Nevertheless, there are many female characters and even real-life women who have been unfavourably been mislabelled a MPDG. A prime example of this is, Clementine Kruczynski (Kate Winslet) in An Eternal Sunshine of a Spotless Mind, who explicitly states “Too many guys think I’m a concept, or I complete them, or I’m gonna make them alive, but I’m just a fucked-up girl looking for my own peace of mind, don’t assign me yours.” This notion is the complete opposite of a MPDG, yet because her character introduces herself to Joel Parish (Jim Carey) on a train in high energy by talking about the different names she gives her hair dyes and persistently creates conversation even though Jim doesn’t seem all that interested, she is often deemed a MPDG. Upon analysis of this singular scene, one could reasonably argue she is a MPDG, but that would be a huge oversight. There is a lot of context to this scene that needs to be considered, in this film Clementine and Joel have a romantic relationship, that falls apart, which results in them both erasing their memories, only to meet again on the train and that is why Clementine is so persistent. The reason why this timeline changes everything is because even though their memories of each other have been erased, the procedure doesn’t seem to be one-hundred percent effective because they are always drawn back to one another and so when Clementine sees Joel, she asks “Do I know you?”, hence the persistence, because there is a part of her which remembers him. In addition to this, she is not one dimensional like many MPDG’s are, she has an arc, flaws and most crucially she does not live to serve Joel.

Another example of a classically mislabelled MPDG is Summer Finn (Zoey Deschanel) in 500 Days of Summer. On the surface level, it is understandable why Summer receives this label because she’s a beautiful, bubbly girl who encourages Tom Hansen (Joseph Gordon) to live life to the fullest. However, to label Summer a MPDG, is a big misunderstanding of the film. The reason why Summer so perfectly manifests MPDG energy is because Tom projects this image onto her and the film is trying to demonstrate the danger of perceiving people in the way in which you want them to be, rather than the person that they truly are. Marc Webb, the director of 500 Days of Summer said “Yes, Summer has elements of a Manic Pixie Dream Girl. She is an immature view of a woman. She’s Tom’s view of a woman. He doesn’t see his complexity and the consequence for him is heartbreak.” This proves the MPDG persona is how Tom perceives Summer, but not who she is and the writers made this clear throughout the movie. The one and only goal of a MPDG is to improve the life of the male character, so if Summer was a true MPDG she would have given Tom the committed, loving relationship he is so desperate for. Yet, no matter how many warning signs she gives or how many times she tells him “I [Summer] just don’t feel comfortable being anyone’s girlfriend”, he ignores her. Summer’s backstory tells the audience she has lived a life of privilege, which has perhaps made her too self-indulgent and this is superbly demonstrated when Summer flirts, dances and embraces Tom at a wedding, all the while knowing she had a boyfriend at home because she “wanted to”. This proves that Summer is not a MPDG because she prioritises herself, even if it is to Tom’s detriment.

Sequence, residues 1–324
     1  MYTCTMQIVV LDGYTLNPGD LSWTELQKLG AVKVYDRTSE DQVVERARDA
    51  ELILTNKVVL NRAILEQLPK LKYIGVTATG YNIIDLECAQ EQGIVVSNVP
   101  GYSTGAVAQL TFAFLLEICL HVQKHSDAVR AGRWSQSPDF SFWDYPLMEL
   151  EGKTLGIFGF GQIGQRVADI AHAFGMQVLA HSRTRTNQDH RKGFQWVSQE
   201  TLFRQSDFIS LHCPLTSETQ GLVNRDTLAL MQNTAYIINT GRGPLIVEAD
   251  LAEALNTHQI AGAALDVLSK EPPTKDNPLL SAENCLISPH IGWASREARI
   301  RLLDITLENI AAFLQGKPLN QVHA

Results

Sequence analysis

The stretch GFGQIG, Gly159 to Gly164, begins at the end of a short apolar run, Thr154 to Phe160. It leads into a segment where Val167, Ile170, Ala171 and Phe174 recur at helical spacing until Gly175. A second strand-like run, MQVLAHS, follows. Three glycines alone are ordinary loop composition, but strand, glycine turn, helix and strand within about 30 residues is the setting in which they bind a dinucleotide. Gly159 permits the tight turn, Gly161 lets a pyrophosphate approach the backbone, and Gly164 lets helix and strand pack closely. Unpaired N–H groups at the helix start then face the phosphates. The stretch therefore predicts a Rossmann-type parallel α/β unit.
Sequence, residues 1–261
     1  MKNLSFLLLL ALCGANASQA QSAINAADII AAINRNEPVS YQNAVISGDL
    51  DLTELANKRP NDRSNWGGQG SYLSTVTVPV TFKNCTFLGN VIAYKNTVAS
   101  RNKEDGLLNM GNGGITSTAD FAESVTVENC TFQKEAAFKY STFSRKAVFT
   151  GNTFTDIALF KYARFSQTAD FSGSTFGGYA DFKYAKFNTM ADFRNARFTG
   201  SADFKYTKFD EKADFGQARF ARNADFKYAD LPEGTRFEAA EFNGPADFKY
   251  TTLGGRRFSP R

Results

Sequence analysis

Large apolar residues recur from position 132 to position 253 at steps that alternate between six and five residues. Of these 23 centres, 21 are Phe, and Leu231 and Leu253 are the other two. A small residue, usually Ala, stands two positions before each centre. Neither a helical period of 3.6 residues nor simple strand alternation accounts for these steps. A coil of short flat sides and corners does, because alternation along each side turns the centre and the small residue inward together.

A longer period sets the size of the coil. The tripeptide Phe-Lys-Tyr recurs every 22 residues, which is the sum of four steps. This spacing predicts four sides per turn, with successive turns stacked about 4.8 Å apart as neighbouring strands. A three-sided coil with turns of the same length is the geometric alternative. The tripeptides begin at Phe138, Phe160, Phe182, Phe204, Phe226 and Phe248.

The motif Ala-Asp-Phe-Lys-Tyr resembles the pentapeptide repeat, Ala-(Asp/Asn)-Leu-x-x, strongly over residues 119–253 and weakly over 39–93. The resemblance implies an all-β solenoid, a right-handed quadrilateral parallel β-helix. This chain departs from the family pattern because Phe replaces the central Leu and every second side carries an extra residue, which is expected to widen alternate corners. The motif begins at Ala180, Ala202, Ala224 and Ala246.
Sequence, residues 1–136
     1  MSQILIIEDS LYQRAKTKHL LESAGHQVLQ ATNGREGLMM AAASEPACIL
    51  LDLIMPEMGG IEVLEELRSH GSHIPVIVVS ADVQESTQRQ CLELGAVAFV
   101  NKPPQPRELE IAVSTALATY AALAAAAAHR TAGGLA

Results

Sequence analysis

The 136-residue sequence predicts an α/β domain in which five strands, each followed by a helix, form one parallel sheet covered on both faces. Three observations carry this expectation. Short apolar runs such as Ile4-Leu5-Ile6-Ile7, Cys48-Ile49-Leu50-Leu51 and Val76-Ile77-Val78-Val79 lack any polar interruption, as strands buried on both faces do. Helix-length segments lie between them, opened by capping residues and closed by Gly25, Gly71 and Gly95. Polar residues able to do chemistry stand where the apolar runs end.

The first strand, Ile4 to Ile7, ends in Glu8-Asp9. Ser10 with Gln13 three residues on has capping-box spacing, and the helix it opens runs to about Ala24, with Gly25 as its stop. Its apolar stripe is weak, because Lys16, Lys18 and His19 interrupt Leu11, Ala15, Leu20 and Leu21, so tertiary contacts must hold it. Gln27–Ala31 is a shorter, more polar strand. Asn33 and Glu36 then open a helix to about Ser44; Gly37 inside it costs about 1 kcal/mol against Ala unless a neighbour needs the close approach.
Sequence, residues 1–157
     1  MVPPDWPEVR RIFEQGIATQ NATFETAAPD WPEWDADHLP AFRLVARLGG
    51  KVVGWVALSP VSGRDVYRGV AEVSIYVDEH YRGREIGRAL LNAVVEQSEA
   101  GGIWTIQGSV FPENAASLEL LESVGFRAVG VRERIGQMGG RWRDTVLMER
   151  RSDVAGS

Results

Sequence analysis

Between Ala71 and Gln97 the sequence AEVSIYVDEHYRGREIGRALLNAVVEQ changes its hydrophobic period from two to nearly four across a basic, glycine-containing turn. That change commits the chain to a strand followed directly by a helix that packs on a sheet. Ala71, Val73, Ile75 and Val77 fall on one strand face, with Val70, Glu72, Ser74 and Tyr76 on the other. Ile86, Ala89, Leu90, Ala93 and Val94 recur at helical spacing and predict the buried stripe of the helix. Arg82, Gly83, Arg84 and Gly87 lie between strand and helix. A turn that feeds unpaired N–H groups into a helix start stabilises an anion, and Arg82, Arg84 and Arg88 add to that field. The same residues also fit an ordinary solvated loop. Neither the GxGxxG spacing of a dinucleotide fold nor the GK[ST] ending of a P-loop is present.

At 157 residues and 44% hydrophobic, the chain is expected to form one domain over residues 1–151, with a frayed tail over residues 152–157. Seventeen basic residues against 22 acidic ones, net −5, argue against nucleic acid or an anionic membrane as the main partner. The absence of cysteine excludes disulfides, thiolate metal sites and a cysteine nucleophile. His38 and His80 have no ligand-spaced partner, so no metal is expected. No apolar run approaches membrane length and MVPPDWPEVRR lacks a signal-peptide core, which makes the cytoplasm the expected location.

The term isn’t inherently problematic because this trope is very real and one-dimensional love interests, with no depth or reason is questionable writing which deserves to be highlighted. However, if we condemn all female characters such as Annie Hall, Margo Roth Spiegelman and many more who are inspiring or quirky we’re dismissing many stand-out performances, fictional characters and real people. Moreover, 500 Days of Summer may have a subversive plot line about how the male protagonist deludes himself, yet that intended message didn’t stop a huge number of viewers from siding with Tom and vocally blaming Summer, as well as even Zoey Deschanel herself. This suggests that the narrative was too myopic, allowing viewers to feel Tom’s side of the story and not effectively encouraging them to feel for Summer as well. Therefore, this term must be used with greater care and ultimately a great diversity of voices is needed to create and write the heroines we see on screen.